Mike Solana is a vice president at Founders Fund, a venture capital firm that has invested in a number of businesses that you probably know well, from Airbnb to Stripe. He runs the firm’s branding, working to attract young investors and companies. He’s also an outspoken critic of moralizing, pessimistic tech journalism, a theme he hits frequently in Pirate Wires, his irreverent, pointed Substack.
And he hits bigger themes too. “This whole entire question of what is true has really animated me for the last few years,” he says. “High-level, I care about freedom.”
“Libertarianism was the animating political philosophy in my life, starting in high school,” says Solana. His political journey included a drift into “scary leftism” briefly during college and a brief embrace of anarcho-capitalism, which is how he met Peter Thiel, his now-boss who created Founders Fund.
With some areas, such as foreign policy and concern about China’s sometimes opaque influence on tech companies, Solana deviates from traditional libertarian thought. “I don’t want [the U.S.] being the police of the world, and yet there is this, I think, very important question of what happens when America does stop being the police of the world,” he says. “I think you’re going to see the destabilization of power globally, the rise of powers in places like Russia and China. I’m not convinced that’s a better world.”
He also recently organized and hosted Hereticon, a conference focused on ideas and arguments that have largely been shut out of mainstream discourse. Conceived of more than two years ago, the event was repeatedly postponed due to the pandemic, which Solana says further proved the value proposition. It finally took place in Miami Beach in January.
Solana’s interview with Peter Suderman appeared on The Reason Interview With Nick Gillespie in March.
Reason: You’ve been writing Pirate Wires on Substack for several years now.
Solana: The real reason that I’m doing it is probably because I’m allowed to do it. I work for Peter Thiel and he is a little bit anarchist in this way—that’s how everything operates under him. He allows people to do weird shit.
I started the Substack as a monetization of my podcast, called Problematic, very much in the thick of the culture war stuff. I started doing a newsletter, just my cut on the tech press, and that got a lot more attention than my podcast did, which was weird, because I thought I was doing a good job with the podcast. The thing grew and grew. Now I consider myself one of many newly emergent countervoices in the tech/political press landscape.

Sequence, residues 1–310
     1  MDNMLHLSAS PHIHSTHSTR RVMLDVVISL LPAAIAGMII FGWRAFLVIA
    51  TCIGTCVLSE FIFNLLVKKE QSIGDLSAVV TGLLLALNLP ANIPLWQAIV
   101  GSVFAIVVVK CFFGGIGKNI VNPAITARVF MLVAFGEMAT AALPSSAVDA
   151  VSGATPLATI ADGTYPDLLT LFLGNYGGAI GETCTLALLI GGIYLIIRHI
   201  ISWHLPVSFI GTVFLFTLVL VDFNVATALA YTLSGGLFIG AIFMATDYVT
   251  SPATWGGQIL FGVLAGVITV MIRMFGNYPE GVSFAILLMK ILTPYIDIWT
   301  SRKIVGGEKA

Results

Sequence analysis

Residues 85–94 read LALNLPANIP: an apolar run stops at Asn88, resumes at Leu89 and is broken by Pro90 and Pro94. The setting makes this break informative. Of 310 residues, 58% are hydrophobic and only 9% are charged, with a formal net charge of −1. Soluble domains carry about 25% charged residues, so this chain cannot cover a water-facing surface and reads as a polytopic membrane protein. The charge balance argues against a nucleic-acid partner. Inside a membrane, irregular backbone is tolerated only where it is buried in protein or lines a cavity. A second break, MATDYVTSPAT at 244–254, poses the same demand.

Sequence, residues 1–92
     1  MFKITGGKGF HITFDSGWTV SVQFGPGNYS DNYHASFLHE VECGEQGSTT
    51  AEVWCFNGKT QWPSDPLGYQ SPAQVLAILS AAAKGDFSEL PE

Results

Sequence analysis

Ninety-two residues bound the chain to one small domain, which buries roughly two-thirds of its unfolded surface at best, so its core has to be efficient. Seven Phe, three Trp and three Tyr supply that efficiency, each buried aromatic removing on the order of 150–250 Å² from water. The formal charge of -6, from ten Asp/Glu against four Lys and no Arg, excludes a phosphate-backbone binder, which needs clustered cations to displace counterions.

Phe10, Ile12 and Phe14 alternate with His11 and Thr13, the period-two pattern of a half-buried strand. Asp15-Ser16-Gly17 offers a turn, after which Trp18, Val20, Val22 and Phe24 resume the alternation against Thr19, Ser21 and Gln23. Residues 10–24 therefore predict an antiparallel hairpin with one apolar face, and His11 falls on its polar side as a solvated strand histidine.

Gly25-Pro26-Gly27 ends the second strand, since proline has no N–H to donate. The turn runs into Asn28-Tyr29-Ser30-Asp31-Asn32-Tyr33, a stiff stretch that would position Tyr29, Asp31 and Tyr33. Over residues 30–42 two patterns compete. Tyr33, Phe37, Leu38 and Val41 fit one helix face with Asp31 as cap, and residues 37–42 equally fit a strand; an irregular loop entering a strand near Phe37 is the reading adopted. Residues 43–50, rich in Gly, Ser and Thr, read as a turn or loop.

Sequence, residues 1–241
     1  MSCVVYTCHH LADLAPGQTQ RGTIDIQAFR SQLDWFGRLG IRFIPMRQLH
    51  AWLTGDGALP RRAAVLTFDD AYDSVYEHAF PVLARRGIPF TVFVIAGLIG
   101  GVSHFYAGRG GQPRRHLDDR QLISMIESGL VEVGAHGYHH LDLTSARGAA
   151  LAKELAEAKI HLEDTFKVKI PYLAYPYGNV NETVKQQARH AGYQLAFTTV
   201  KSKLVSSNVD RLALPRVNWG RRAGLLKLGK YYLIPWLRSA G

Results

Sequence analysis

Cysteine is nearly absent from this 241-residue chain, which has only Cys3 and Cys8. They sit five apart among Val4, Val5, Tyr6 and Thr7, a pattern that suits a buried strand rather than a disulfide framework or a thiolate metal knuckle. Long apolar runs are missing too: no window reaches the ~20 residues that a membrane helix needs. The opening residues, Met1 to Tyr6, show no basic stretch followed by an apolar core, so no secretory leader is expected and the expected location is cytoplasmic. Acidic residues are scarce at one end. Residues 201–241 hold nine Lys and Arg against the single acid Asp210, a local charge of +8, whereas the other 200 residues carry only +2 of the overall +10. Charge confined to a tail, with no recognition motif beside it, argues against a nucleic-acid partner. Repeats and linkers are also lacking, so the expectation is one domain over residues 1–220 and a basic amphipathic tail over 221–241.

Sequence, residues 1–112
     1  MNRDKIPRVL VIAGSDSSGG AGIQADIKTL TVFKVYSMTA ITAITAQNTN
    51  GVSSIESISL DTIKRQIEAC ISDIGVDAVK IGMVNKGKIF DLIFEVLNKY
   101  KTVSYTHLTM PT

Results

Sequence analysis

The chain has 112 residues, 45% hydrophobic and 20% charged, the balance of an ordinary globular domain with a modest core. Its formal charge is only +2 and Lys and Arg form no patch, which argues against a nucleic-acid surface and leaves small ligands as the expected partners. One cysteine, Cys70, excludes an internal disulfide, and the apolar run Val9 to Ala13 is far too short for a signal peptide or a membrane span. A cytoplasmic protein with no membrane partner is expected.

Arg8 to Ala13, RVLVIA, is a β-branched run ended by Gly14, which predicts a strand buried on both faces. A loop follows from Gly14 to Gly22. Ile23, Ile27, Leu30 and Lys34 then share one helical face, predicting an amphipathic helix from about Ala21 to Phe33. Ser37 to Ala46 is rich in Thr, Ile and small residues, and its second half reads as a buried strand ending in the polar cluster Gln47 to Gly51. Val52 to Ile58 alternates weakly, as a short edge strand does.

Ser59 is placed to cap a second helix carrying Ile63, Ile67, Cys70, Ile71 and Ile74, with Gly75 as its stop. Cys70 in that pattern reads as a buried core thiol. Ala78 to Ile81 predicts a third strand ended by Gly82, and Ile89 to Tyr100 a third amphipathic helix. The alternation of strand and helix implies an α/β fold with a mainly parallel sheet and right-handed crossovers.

In the world of tech, the whole environment is dominated by people who hate tech and really hate the people in tech. I wanted to be a part of the solution there.
On both your Substack and your Twitter feed, you display what I think is sort of a honed, crafted internet persona. It’s snarky and contrarian, perhaps trollish. What’s your vibe?
I just don’t ever want to be afraid to speak my mind ever again. I understand why you’re picking up on perhaps snark or [being] almost troll-adjacent. I don’t think I am a troll; what I am is willing to fight back. It’s just words on the internet, right? What do we have to be afraid of?
You described Hereticon as “a conference for thoughtcrime.” What are you talking about when you say thoughtcrime?
I’m talking about sharing either data—Charles Fort called it “damned data”—that is compelling but no one will look at, or an opinion that you are not supposed to share. We all have an intuitive sense of what the bounds of acceptable speech are, and increasingly in our culture there are consequences for [violating] that. People lose their jobs; people are deplatformed. There are a lot of things we don’t say because they’re actually bad or wrong. Most people are wrong about a lot of things. I’m wrong about a lot of things. However, all of the new, interesting things in the world throughout history start that way. So if you’re not living in a culture that has room for thoughtcrime, then you’re not living in a culture that is growing.
It was a celebration of engaging with ideas that make you uncomfortable. Things like geoengineering, which is pretty controversial in the world of science; UFOs; biohacking and your right to your own body; sex work; sorcery; antimaterialism; parapsychology.
That was taken and framed as a sort of Nazi conference by a bunch of crazy lunatics who two years ago had a lot more control of the internet conversation.
I expected it to happen, even though I said nothing about pure politics or all the things that they’re obsessed with. There’s nothing about race, right? They just see everything through that lens. Their concern is that there are people who don’t care about the sort of mainstream institutional narrative.